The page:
Overcoming Your Sports Betting Biases
You may think that you know your own mind when it comes down to placing a sports bet, so it may come as a surprise to you to find out that often you don’t.
Wrong choices happen because of something called ‘cognitive bias’, which in human terms means that decision-making is affected by subconscious factors.
We think this can be specifically related to sports betting choices, so we have looked into it for you.
Scientifically Researched Reasoning
Biases can manifest themselves in various ways, which scientists have conveniently labelled into these categories:
Some of them cross over into each other, so we have selected four and even renamed them for you.
Better’s Fallacy aka ‘Choosing to Ignore the Facts’
This phenomenon occurs when you think that because an event has happened multiple times in the past, it will be different next time.
Example: Coin Tossing
If you toss a coin ‘x’ times (the number is irrelevant here, but let’s take seven times) and it lands on ‘Tails’ every time, does that mean it is more likely to fall on ‘Heads’ for the next toss?
90% of people would most likely say yes, but the probability is still 1:2 or 50/50, regardless of previous results.
When your favourite player/team/horse has lost five consecutive events, then you may be confident they will win next time. However, it is because you want them to, not because there is any other logic to assuming they will.
Be RATIONAL; nobody wins at sports betting based by wagering on what they think should happen.
Confirmation Bias aka ‘Everyone Thought it was a Good Bet’
Another bias that’s extra-prevalent in sports betting.
You spot an opportunity that looks great, so you seek confirmation that it is.
Example: Horse Racing
You spot a racehorse, it could be one that has won for you previously, or happens to have a name with some ‘meaning’ for you. The odds are appealing, so you check the horse out in your tip sites, or chosen media format for that race and all seems reasonable, but the horse trails in last.
What you may have failed to do, is to follow up the background of the horse, it may have had an injury and be returning to form, have shown promise in previous races, but fell in the last or perhaps it only runs well on clockwise tracks
ANALYSIS is paramount, always evaluate every bet carefully for yourself; others may have a hidden agenda for their support.
Recency Bias aka ‘Making a (Wrong) Assumption’
As the title suggests, this issue relates to your perception of recent results.
Your favourite boxer has dramatically won his last four fights with an early-round knockout and the media indicates that he could easily do so again, so you bet accordingly because odds for a straight win are not worth taking.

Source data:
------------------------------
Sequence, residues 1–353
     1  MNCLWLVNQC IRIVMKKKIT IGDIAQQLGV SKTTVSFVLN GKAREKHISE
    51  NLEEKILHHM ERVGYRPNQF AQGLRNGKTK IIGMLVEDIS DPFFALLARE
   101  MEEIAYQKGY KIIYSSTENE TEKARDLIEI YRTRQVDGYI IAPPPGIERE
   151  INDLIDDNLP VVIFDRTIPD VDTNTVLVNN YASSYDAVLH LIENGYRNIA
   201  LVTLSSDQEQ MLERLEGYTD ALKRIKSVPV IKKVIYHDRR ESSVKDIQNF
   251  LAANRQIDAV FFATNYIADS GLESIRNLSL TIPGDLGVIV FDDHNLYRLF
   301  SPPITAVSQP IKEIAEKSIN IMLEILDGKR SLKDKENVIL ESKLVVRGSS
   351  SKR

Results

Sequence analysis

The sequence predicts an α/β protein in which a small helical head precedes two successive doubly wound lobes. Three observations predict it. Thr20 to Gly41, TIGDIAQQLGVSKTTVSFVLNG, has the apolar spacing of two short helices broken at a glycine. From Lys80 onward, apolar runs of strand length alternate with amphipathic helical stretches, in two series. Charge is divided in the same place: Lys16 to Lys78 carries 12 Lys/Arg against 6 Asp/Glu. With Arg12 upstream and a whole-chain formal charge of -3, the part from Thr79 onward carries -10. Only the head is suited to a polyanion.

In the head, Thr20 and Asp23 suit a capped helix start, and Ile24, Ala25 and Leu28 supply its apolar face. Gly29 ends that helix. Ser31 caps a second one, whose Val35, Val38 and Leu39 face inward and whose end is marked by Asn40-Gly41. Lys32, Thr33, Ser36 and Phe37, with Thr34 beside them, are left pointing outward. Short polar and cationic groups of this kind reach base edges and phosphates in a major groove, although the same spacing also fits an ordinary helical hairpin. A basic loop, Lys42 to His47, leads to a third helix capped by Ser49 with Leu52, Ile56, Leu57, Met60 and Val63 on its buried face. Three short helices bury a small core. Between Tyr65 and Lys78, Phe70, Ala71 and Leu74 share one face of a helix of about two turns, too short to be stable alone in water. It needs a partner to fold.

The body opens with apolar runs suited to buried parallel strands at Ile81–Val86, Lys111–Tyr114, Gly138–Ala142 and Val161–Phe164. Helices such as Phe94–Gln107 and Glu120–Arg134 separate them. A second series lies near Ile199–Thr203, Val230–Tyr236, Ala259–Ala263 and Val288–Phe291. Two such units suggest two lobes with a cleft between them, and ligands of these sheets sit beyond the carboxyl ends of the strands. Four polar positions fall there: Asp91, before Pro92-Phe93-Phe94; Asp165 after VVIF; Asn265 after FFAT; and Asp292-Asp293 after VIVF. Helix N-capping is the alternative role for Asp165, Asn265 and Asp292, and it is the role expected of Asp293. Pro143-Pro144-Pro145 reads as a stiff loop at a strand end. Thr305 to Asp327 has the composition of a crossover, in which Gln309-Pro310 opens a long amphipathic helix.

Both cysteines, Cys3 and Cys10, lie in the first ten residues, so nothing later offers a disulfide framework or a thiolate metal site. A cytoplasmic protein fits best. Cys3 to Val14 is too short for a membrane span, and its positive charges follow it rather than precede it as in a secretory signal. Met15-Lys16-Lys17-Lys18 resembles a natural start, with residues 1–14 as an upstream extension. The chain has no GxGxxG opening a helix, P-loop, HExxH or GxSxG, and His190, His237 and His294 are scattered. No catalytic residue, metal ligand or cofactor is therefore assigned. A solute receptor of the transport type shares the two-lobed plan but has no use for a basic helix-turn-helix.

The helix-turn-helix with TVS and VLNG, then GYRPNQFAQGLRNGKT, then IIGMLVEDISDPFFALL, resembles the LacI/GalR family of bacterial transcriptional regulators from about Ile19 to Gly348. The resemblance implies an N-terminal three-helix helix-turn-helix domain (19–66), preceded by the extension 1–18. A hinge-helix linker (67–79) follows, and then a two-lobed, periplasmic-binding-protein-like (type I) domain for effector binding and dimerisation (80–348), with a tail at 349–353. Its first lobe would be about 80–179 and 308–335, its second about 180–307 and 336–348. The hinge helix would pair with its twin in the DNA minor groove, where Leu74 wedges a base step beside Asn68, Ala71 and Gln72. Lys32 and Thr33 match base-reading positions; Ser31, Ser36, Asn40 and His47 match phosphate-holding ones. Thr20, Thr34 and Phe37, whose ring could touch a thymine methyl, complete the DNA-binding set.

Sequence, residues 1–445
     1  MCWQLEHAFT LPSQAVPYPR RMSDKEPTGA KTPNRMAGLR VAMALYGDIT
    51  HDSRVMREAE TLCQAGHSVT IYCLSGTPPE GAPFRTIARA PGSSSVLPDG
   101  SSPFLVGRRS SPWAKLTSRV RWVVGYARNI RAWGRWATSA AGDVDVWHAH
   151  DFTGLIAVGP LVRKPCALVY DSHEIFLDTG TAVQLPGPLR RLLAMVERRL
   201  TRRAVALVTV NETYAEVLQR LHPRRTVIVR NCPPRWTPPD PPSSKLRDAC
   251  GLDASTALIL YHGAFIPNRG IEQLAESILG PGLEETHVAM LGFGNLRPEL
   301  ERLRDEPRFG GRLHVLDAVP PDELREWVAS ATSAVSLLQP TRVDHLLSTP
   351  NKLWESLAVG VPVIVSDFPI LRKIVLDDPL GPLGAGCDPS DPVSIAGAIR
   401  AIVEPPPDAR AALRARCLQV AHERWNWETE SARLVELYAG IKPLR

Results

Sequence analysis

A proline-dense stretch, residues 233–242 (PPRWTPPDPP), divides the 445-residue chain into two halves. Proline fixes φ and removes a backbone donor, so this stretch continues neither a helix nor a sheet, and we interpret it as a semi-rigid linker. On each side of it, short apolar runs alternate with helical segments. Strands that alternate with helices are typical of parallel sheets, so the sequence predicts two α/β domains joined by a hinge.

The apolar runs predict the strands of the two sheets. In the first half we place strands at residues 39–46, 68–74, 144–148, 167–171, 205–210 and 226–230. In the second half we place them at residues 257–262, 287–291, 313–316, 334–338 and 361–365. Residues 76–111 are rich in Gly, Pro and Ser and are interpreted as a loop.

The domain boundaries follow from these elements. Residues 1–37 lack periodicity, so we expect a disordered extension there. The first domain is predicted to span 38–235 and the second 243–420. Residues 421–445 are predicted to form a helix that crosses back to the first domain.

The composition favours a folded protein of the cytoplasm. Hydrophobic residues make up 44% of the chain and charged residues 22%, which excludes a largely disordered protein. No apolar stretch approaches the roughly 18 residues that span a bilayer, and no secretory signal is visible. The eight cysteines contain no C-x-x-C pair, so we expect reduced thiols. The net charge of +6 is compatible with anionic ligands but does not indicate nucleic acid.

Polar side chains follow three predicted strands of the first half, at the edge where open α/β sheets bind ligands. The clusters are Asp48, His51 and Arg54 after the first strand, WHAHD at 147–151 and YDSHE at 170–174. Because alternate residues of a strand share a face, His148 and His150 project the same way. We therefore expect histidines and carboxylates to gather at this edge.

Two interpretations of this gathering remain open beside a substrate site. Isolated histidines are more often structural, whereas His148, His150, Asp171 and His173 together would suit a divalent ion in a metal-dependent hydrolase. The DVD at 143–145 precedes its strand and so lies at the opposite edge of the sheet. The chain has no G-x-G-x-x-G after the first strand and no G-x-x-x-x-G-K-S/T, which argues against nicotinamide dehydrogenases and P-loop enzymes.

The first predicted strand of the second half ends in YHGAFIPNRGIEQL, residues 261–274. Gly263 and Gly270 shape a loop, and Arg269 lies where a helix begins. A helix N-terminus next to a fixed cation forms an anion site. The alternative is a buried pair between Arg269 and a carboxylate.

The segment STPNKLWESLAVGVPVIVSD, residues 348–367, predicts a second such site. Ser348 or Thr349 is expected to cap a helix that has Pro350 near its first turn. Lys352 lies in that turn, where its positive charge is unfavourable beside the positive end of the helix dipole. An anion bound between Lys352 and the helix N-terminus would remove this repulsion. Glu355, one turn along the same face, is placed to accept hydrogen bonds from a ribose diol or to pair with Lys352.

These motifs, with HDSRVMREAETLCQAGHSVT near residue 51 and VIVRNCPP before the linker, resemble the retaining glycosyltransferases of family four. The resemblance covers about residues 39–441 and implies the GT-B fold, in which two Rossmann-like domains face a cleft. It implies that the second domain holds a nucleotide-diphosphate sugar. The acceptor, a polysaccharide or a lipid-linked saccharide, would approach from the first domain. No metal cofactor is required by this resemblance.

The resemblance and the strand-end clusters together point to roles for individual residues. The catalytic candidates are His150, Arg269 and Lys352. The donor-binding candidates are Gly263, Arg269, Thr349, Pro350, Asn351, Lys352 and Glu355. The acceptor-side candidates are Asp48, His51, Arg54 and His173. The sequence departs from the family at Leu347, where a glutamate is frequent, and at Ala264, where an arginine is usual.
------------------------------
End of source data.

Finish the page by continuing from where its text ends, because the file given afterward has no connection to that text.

However, this time his opponent is much better and the match goes the full distance so that the result will depend on points over the rounds.
Always THEORISE, perhaps if you had looked better at the opponent’s stats, you would have seen that although he is unlikely to win, he is also unlikely to go down early either.
The Affect Heuristic aka ‘Letting Your Heart Rule Your Head’
Emotions are hard to ignore, so this is perhaps the most challenging bias to recognise and to curb.
Example: Football fans are the most guilty of this. You always bet on your favourite team to win, even when logic says they are going to lose. Your next-door neighbour’s sister’s son is in a low-ranking squad, but you wager because of a tenacious link and the list goes on.
It is an inherent human trait that we sometimes allow our emotions to take over from pure logic, but sports betting is not a place for them.
In a nutshell, STATISTICS works, starry eyes don’t.
Scientific Answers to the Problem
No matter how disciplined we try to be, cognitive biases are very tricky to overcome entirely, but they are controllable.
Some studies have suggested that biased decision-making can be reduced with the use of “de-biasing” videos or by playing certain computer games. Others maintain that those methods are completely ineffective.
Other advice includes creating an algorithm to ‘think’ for you, using ‘blind’ statistics that only show facts or figures and ignoring small samples of information.
Our Answer to the Problem
The solution we have come up with is a very straightforward one: RATS
So there you go, we solved all of your problems with one easy word (or acronym to be grammatically correct). But in all seriousness, those four words are potentially your key to more success with your sports betting.
Sarah currently works for a company that owns several big players within the gaming sector. She has been an author for us for 3 years now and fortunately, still finds time to consult for us. Learn more.